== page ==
Can Patent Breakdown Expand Global Access to Vaccines?

The government of US President Joe Biden has announced its support for breaking the patent for Covid-19 vaccines, changing the historic US stance on intellectual property protection. The idea was proposed last October by a group of countries, led by India and South Africa, to the World Trade Organization (WTO).

The subject was debated again at the WTO on Wednesday (5). Member countries of the multilateral body will hold further meetings to discuss the matter and come to a decision, which must be unanimously approved by the 164 members to enter into force.

Proponents of the proposal say that patent easing will allow pharmacists in poorer countries to produce vaccines faster and thus the end of the pandemic can be accelerated. However, even if the proposal is accepted, increasing the production of coronavirus vaccines will still face complex challenges, and some experts are questioning the scale of the measure’s impact.

International repercussions

The United States government’s decision to support the suspension of intellectual property on Covid-19 vaccines has paved the way for leaders in other countries to speak out in favor of breaking patents.

French President Emmanuel Macron defended the initiative. “I am totally in favor of this opening up of intellectual property,” said the French leader, stressing that this resignation will not solve the problem of access to vaccines. Macron’s statement marks a turning point in France’s position on the issue. New Zealand, which was opposed to the proposal, also gave indications of support after the US government’s announcement.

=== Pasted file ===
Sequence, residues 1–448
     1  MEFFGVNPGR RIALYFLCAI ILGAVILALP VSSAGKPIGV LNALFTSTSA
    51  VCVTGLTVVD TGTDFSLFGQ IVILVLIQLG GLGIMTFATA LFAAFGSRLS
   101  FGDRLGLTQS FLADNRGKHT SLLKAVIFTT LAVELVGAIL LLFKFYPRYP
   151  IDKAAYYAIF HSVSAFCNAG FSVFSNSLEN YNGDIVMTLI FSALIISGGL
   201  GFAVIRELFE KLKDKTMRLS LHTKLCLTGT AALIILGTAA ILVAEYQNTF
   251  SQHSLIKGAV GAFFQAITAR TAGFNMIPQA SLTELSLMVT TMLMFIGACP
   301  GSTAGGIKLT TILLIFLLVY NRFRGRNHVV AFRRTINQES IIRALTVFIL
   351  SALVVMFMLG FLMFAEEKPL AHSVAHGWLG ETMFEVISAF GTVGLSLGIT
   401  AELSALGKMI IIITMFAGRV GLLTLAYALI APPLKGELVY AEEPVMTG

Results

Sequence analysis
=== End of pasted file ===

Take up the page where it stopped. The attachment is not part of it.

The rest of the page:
Australian Prime Minister Scott Morrison said the US position was “excellent news”. Alberto Fernández, President of Argentina, said he had always maintained that it was “imperative that vaccines be a global public good”.

Italian Foreign Minister Luigi Di Maio wrote on a social network that the US announcement was “a very important signal” and that the world needs “open access” to vaccine patents. Russian President Vladimir Putin has said his country will support the publication of patents.

European Commission President Ursula von der Leyen has said the bloc is “ready to discuss” the US-backed proposal, but has made no firm commitments on the issue. “In the short term, however, we call on all vaccine producing countries to allow exports and avoid measures that interrupt supply chains,” he added.